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Six Effective Strategies for Better Stress Management

Six Effective Strategies for Better Stress Management

The ability to handle stress is one of the essential elements to fostering good mental health.

Mental health professionals define a long-term stress response as a state of mental or emotional strain resulting from adverse or demanding situations.

When you have stress in your life – a crisis of some kind induces the effects of stress, which reduces your capacity to cope.

Stressful situations

The onset of chronic stress differs from person to person but may be brought on by:

  • The sudden loss of a loved one
  • Job loss
  • Being diagnosed with a disease or illness
  • Moving home
  • Tough work deadlines


Fostering resilience and learning effective stress management techniques helps us categorize the external stressors in our lives, and crucially, deal with them on both an emotional and psychological level.

What is stress management?

Stress management is defined by Gale Encyclopedia of Medicine, 2008 as:

”A set of techniques and programs intended to help people deal more effectively with stress in their lives by analyzing the specific stressors and taking positive actions to minimize their effects.”

It is unrealistic to expect you or anyone else not to experience a little bit of angst from time to time.

Stress is a massive part of our everyday lives – from running late to the office through to missing out on an important work deadline, many people experience stress every day and can function perfectly well.

Positive stress

Interestingly, many people use stress as a precursor to success. Positive stress, such as when a person feels pressure to complete a project or task that they enjoy, is an excellent motivator for long-term success.

Another good example is when we get involved in charitable causes such as running a marathon or other physical challenge.

All the rigorous training required to complete a marathon may be physically and emotionally draining at times – however since the results of our actions are positive, this in itself makes us feel good.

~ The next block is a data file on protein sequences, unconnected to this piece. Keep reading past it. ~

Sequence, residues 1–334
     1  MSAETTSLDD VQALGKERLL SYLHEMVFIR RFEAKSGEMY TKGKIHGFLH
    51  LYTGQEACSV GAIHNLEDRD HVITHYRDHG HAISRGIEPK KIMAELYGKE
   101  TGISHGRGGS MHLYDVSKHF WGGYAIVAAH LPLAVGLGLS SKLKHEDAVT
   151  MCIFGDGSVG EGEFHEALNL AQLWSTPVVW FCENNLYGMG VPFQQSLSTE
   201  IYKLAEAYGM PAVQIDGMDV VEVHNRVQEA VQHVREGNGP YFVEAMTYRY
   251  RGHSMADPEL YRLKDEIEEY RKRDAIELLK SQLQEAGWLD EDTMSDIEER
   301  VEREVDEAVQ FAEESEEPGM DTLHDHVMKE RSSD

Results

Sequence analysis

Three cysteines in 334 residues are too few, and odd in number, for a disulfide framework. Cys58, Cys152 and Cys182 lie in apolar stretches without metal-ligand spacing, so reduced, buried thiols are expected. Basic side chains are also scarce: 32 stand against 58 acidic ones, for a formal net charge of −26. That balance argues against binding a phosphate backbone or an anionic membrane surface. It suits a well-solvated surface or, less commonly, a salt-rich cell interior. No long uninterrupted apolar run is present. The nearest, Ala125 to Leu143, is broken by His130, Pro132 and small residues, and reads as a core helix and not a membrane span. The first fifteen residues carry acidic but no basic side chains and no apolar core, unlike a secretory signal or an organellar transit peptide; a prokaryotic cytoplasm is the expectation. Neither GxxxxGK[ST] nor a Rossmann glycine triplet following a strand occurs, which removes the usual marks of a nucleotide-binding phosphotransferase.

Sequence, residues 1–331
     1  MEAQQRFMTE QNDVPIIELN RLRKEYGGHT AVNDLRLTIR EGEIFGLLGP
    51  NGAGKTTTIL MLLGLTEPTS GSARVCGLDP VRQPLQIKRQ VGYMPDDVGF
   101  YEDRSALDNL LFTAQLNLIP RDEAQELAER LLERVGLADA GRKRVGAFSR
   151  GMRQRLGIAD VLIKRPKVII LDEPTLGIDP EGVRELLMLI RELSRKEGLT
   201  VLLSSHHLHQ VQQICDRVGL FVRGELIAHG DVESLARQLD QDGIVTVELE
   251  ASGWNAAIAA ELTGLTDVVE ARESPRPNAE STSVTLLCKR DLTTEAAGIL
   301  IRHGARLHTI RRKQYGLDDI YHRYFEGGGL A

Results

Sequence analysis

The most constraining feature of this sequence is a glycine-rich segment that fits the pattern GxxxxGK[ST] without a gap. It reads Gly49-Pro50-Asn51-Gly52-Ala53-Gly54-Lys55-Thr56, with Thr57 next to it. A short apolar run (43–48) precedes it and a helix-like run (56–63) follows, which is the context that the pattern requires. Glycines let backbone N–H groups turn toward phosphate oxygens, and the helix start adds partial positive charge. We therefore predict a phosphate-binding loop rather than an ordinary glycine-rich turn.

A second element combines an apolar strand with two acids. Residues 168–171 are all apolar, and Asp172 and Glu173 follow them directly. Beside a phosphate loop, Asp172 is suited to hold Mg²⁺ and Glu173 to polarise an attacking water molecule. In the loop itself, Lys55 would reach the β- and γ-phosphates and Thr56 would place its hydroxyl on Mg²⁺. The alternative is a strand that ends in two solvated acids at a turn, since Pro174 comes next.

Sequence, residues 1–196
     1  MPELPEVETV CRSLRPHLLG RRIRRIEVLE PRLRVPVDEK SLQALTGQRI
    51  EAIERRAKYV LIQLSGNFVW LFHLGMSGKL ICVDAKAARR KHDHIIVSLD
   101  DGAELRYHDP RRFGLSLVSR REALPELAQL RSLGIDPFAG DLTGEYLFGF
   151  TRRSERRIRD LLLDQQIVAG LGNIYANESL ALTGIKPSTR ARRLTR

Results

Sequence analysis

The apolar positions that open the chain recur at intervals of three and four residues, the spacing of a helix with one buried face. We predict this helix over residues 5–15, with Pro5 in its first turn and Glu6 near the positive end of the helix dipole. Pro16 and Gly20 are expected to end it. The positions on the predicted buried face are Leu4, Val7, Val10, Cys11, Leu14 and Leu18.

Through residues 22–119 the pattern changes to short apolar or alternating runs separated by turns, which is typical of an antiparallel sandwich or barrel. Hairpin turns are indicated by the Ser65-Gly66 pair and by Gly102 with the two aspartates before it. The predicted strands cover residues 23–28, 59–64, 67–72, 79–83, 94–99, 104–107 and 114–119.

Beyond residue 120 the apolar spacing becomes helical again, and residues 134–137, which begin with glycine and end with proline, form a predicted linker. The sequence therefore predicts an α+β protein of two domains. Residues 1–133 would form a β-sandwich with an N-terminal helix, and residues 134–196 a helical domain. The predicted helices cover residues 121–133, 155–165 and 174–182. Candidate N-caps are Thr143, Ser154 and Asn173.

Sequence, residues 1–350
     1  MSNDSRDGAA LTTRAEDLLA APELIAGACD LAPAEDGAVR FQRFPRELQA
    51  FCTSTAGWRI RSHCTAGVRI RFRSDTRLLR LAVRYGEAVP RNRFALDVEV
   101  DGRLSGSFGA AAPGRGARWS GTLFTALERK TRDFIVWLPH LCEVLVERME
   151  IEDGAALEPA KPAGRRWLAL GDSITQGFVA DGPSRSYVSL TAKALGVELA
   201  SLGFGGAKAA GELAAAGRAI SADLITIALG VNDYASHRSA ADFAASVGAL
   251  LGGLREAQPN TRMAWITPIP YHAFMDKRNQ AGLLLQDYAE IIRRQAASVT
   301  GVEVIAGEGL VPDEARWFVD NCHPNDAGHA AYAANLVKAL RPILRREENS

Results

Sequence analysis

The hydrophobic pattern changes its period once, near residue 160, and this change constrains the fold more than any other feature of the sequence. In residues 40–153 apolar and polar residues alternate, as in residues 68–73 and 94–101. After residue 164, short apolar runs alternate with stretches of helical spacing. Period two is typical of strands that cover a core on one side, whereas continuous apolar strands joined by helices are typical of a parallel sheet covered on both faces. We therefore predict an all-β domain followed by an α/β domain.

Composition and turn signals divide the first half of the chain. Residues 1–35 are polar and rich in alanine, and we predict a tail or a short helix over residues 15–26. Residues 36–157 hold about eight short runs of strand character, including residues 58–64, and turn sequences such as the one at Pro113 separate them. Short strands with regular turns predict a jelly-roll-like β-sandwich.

Negative stress

When a person encounters a stressful situation or multiple stressful situations – all this tension creates a myriad of emotional and physical problems.

The effects of stress should not get overlooked either.

It’s a fact that up to forty-three per cent of all adults suffer adverse health effects due to stress, and between seventy-five and ninety per cent of doctor visits are for stress-induced complaints and ailments.

Health impact of long-term stress

The physical impact that high-stress levels have on the body is in direct correlation to diseases such as:

  • High blood pressure
  • Heart disease
  • Diabetes
  • Asthma
  • Skin conditions
  • Headaches
  • Depression and anxiety


What are the symptoms associated with chronic stress?

Every one of us has a unique reaction to stress, and the symptoms of chronic stress vary from person to person.

Although each individual has a unique stress level of tolerance – some of the common symptoms associated with stress are:

  • Extreme irritability
  • Changes in appetite
  • Loss of sexual desire
  • Stomach problems, such as indigestion, constipation and nausea
  • Feelings of hopelessness
  • Difficulty sleeping
  • Depression and anxiety
  • Fatigue
  • Thoughts that are rapid and disorganized
  • Headaches
  • Frequently becoming ill with illnesses or infections


What are the causes of emotional stress?

There is a wide range of triggers that cause emotional stress in someone.

Some of the triggers behind emotional stress include:

  • Falling out with a close friend or going through a relationship breakup
  • Issues at work or with the people in your working environment
  • Family problems
  • Substance abuse (such as alcohol)
  • Certain stress hormones in the body being over-activated
  • Overwhelming family responsibilities such as taking care of a sick parent or relative


Other life stressors

Many people find that other life stressors such as being stuck in traffic, grocery shopping or unmet work deadlines cause them to feel stressed.

Again, people are all different, and our reactions to a perceived stressful situation are just as unique – and like most mental health conditions – our approach to stress management is not a one size fits all approach.

What are six effective ways to cope with stress?

Ruminating and going over the same problem in our minds makes it a lot more challenging for us to accept the things we cannot change – such as ending a marriage or long-term friendship.

When experiencing a lot of stress – people tend to focus on the things they cannot change – rather than the things they can change.

The key to effective stress management is to focus on the things we can control.

There are plenty of ways that people can do this, all of which involve incorporating the right stress management techniques and strategies – these involve:

#1. Taking some time out

As mentioned earlier, rumination happens a lot for people who are feeling stressed out or worried.

A whole range of unanswered questions about a particular life event or situation (some helpful, some not so beneficial) causes stress in a person as the negative energy that this builds is detrimental alone.

Taking time out from whatever it is that is causing you to feel stressed is one right way of putting some distance between you and the problem.